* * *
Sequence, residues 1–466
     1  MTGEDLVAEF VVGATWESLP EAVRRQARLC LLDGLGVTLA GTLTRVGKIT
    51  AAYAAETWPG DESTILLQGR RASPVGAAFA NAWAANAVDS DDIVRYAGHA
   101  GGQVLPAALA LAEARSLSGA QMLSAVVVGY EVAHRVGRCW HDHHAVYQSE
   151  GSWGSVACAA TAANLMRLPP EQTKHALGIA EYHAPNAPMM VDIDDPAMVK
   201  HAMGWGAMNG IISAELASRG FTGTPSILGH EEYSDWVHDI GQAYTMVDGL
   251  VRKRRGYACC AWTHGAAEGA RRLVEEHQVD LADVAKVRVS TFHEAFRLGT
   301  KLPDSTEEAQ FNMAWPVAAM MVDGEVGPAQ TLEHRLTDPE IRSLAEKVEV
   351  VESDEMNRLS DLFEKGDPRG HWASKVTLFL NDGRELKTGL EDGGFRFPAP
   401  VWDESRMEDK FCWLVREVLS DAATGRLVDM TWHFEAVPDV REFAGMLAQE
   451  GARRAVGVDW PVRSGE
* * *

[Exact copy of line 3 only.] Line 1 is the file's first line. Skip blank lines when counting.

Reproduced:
    51  AAYAAETWPG DESTILLQGR RASPVGAAFA NAWAANAVDS DDIVRYAGHA